Monday, 10 February 2020

Not the best of days

Storm Kiara had paid Daventry a visit and we appear to got off lightly. It is true that a few fences had been blown down but damage seems to have been relatively superficial.

The morning was quite breezy but bright sunshine temped me to make my first visit of the year to Kentle Wood. Needless to say, the sun rapidly disappeared to leave a steel-grey cloudy sky to take its place. Things did not look promising.

I turned over a few logs in the hope of finding a carabid beetle or a 'staph' (staphylinid beetle) but there was nowt.

Rotting logs looked promising but produced nothing other than a slug or two.
Kentle Wood, Daventry, Northants. 10 February, 2020
I proceeded with caution as the rides though the wood were slick with mud and once or twice my feet slid sideways alarmingly. Accordingly I forsook the path and made my way into the trees away from danger. As a result I caught my foot on a snaking bramble and fell flat on my face. Bugger!

I shouldn't grumble because the brambles yielded my only insect of the morning. The sinuous mine of a Golden Pigmy Moth, Stigmella aurella agg, raised the number of arthropods I've now recorded from Kentle Wood up to 541.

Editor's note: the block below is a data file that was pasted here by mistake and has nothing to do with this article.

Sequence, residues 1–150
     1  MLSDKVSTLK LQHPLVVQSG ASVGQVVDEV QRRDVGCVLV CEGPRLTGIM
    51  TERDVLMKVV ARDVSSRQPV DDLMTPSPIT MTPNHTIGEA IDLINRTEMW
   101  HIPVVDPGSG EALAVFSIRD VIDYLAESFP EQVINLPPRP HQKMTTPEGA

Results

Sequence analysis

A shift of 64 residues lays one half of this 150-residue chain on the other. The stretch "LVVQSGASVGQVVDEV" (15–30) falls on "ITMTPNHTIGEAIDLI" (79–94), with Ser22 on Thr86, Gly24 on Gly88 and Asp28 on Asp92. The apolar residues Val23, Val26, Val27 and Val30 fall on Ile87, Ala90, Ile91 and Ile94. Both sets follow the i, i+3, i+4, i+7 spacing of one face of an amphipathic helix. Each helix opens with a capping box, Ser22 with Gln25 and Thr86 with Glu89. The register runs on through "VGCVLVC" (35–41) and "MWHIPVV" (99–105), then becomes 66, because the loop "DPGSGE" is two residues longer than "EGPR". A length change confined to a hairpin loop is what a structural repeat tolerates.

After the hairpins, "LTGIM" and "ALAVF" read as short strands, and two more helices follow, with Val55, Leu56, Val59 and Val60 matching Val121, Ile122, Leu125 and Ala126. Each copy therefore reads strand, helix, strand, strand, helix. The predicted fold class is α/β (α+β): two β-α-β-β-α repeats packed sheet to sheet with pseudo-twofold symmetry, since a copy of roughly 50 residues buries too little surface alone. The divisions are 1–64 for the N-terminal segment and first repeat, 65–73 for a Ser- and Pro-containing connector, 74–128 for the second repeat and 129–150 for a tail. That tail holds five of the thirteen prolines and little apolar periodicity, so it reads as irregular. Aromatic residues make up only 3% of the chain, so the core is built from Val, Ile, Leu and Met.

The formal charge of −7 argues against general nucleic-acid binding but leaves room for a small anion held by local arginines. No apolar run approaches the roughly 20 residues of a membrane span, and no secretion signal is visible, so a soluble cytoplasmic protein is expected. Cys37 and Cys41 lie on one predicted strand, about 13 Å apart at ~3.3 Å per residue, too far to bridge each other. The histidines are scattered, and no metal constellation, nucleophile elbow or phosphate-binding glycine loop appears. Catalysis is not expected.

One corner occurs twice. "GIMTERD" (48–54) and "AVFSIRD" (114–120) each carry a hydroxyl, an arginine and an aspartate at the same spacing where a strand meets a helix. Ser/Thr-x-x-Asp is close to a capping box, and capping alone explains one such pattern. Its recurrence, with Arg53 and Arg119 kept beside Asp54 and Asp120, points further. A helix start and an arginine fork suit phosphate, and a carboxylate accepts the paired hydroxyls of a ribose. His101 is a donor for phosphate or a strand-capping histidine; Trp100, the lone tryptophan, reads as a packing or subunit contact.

This sinuous mine is very common on bramble and is the work of
Stigmella aurella. Kentle Wood, 10 February, 2020
I have cautiously placed the letters agg behind the Latin name as this 'species' is really a complex aggregate of closely related species, but S. aurella is the most commonly encountered species within the group.

This is a good time of the year to look for the Scarlet Elf Cup. It is a delightful little fungus often on dead plant material at ground level. Indeed I found some specimens in Kentle Wood about three years ago but today there was nothing doing.
Scarlet Elf-cup, Sarcoscypha coccinea. Courtesy Woodland Trust

I decided enough was enough, turned on my (very muddy) heel and headed for home, getting there shortly before a heavy - and unpredicted - snow shower.

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